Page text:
I nursed my baby when she needed. But mostly I was silent. And I was so angry at those nurses for lying to us. I felt jipped. What if something happened? What if she died? My brother had died when he was only ten. So death was real. I knew it could happen. And I knew from experience how awful it was not to say goodbye to someone who died. And I didn’t tell her goodbye. Those nurses stole her from me. And so help me, if something happens and I don’t get to see my little girl again this side of heaven, those nurses lied. And we vowed never to lie to our girl. And I am livid that those nurses lied to her, and to us.

The surgeon came in hours later. “Surgery is over,” he said. “Her spleen was enlarged to seven-times its normal size,” he said. “Surgery was successful, and bonus, she got a two-for-one surgery, removing an unexpected hernia. Ha, ha,” he said. “Mom and Dad can see her when she wakes up.”

I went to the bathroom and locked myself in a stall. I sobbed, praising God for the gift of one more day. I sobbed some more, eighteen months of trial washing out.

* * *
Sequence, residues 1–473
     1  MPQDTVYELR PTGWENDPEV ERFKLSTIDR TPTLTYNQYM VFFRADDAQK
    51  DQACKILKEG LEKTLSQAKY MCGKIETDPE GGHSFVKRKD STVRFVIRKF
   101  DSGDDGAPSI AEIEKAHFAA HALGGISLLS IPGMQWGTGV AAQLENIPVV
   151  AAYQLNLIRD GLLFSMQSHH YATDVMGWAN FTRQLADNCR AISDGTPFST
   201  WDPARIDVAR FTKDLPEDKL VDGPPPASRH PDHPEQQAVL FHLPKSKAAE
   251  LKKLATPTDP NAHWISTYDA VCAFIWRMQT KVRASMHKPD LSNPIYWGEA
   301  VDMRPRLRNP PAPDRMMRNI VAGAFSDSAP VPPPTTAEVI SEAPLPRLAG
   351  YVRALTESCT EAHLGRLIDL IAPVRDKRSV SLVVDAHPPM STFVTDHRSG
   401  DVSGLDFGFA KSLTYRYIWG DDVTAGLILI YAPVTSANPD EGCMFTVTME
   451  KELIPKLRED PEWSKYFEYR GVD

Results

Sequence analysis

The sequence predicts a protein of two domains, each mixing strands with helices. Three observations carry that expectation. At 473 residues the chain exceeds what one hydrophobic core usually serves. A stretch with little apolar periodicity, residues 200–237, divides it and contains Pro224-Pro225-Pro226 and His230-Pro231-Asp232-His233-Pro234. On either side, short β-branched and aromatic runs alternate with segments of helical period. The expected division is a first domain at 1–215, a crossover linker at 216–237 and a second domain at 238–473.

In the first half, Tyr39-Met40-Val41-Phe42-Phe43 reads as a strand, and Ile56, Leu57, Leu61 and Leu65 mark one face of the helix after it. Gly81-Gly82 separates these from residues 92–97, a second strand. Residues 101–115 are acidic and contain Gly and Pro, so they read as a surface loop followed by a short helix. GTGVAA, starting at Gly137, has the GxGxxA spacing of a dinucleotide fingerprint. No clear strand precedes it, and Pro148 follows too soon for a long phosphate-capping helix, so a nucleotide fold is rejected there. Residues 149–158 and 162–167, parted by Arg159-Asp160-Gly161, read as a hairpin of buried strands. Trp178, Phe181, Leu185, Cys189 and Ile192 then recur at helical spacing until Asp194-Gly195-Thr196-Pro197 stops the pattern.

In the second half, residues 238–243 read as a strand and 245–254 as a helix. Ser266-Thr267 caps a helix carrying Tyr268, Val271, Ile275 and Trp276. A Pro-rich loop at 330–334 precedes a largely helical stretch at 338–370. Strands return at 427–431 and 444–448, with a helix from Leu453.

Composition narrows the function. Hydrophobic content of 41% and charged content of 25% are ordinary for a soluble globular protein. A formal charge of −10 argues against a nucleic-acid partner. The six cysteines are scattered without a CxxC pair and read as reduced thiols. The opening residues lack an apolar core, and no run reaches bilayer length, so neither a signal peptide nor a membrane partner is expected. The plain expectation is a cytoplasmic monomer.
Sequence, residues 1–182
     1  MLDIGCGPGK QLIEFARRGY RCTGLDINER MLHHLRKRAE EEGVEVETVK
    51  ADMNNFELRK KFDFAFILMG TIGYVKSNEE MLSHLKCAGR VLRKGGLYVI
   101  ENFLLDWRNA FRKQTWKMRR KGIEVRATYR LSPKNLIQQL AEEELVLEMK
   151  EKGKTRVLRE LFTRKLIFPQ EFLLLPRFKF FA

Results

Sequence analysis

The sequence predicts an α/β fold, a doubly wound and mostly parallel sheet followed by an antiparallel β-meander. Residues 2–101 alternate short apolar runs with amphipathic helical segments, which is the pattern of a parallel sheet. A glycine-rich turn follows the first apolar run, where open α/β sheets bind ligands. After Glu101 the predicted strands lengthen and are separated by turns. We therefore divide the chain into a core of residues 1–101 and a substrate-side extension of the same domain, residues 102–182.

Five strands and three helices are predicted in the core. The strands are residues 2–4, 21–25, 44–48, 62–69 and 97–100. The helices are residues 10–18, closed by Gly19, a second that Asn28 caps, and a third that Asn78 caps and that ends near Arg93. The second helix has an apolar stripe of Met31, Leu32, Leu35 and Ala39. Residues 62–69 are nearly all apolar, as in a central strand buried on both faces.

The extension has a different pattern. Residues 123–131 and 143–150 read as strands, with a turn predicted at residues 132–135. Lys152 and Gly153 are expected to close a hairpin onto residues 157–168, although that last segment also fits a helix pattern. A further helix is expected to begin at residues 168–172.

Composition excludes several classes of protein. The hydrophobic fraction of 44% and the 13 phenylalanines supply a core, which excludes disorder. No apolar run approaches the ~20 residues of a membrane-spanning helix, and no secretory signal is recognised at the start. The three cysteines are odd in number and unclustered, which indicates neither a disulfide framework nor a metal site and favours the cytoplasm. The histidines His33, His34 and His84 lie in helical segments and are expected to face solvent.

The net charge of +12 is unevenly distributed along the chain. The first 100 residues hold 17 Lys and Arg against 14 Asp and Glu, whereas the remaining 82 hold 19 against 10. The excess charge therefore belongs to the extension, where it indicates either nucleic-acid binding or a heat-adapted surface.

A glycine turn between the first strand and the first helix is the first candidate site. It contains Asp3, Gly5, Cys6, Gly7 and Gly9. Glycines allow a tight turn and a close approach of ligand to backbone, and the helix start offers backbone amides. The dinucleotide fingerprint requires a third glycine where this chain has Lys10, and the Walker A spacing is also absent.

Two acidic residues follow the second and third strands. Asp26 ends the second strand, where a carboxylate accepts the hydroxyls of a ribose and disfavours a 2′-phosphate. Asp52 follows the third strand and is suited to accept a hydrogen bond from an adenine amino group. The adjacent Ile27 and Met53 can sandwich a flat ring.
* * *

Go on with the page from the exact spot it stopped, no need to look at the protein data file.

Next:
We finally got to see our girl. We took turns sitting with her and staying overnight with her in the pediatric intensive care unit. She improved and was moved to the children’s floor. She continued to improve and was released.

The ordeal was over. But we were all changed. Before surgery, we got a rundown of the risks, but none of those warnings went beyond the surgical table. None of those warnings told us of the emotional scars our girl had. We weren’t warned of the severe anxiety she would face in elementary school. We weren’t warned of the rage she would need to conquer when she felt unheard. We weren’t warned of the damage childhood trauma brings. But we would find out.

She’s older now. Ten. She’s healthy. While still hovering around the first percentile of those pesky growth charts, she is strong and can do a flip twice her height off the double-mini trampoline at gymnastics practice. She is smart and excels academically. She loves to read and write. She enjoys art. On the surface, she’s fine. And yet, the trauma is there. It lurks and sometimes pounces. She can’t remember the details of her medical journey, but her body does. Anxiety, rage, fear, depression. All things scary to a child. All ramifications of trauma. All things that are necessary to dive into, to deal with. Because a healthy body needs a healthy mind.

It is hard to parent a trauma child. It is lonely. It is describing the sharpness of a rage episode and have a friend think of her child’s meltdown. But just like before, we are pursuing health. Just like before, my husband and I are beside her. We are in this together. Just like before, we will take the sharp turns together. We will press into each other.

We can’t make it be all done, but we will stay the course.